Amid riots, France to consider autonomy for Guadeloupe

Amid riots, France to consider some autonomy for Guadeloupe

The offer drew sharp criticism from conservative and far right candidates for France's April presidential election

A woman walks past a barricade of burned cars and debris on a round-about blocking the traffic on highway N1 after violent demonstrations which broke out over Covid-19 protocols, in Petit-Bourg, Guadeloupe. Credit: Reuters photo

France's government is offering to discuss some autonomy for the French Caribbean island of Guadeloupe, which has been wracked by virus-related rioting and strikes that reflect long-running frustrations over inequality with the French mainland.

The overnight offer by the government minister for overseas affairs, Sebastien Lecornu, drew sharp criticism Saturday from conservative and far right candidates for France's April presidential election.

Guadeloupe uses the euro currency and has close political ties with the mainland. But high unemployment in Guadeloupe and nearby Martinique, high costs of living and lingering anger over historical abuses have prompted some local officials to demand change. Both Guadeloupe and Martinique are overseas departments of France.

“Some officials have asked the question of autonomy,” Lecornu said in a televised address Friday night to Guadeloupe residents. “According to them, Guadeloupe could manage itself better” than it is managed from Paris, and they notably want more autonomy to manage health-related issues locally, he said.

“The government is ready to talk about it.”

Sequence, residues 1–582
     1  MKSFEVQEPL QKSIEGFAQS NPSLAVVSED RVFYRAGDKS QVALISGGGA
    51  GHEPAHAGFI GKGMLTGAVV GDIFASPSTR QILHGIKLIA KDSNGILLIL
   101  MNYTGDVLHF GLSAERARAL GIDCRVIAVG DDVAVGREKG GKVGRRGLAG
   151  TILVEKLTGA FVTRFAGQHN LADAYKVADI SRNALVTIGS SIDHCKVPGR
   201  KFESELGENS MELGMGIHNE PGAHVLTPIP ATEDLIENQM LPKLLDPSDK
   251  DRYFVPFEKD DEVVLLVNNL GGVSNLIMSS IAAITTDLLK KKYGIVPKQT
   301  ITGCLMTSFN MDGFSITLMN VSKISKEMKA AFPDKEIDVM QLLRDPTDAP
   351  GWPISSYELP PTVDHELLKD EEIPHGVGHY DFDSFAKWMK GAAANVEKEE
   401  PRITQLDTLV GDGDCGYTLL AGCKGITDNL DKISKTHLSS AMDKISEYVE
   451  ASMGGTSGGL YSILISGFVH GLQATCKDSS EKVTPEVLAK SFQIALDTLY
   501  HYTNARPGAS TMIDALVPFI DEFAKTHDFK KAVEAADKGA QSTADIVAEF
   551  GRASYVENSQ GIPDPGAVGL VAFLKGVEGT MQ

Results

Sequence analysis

He denounced rioters whose pillaging is hurting local merchants and workers, and whose road barricades are preventing some patients from getting medical treatment and forced schools to close. But he also acknowledged “structural issues” behind the anger, and called for a “collective" response.

The recent tensions in Guadeloupe and Martinique started because of France's obligatory vaccinations for health care workers, and nationwide health pass to get into restaurants and other venues. To get the pass, people need to be vaccinated or show proof of a negative test or recent recovery from the virus.

But the protesters demands have spread to include higher salaries and jobless benefits and the hiring of more teachers.

A third of the Guadeloupe population lives below the poverty line, and unemployment rate is 17%. The cost of living, meanwhile, is high because the island relies heavily on imports from the mainland. Water supplies have been a major problem in recent years because of obsolete pipes.

Some residents denounce a relationship with Paris reminiscent of colonial times, and note an ongoing scandal over the use of a dangerous pesticide on islands in the Antilles for years after it was banned on the mainland.

The French government on Friday decided to delay mandatory vaccinations for health care workers in the region until December 31.

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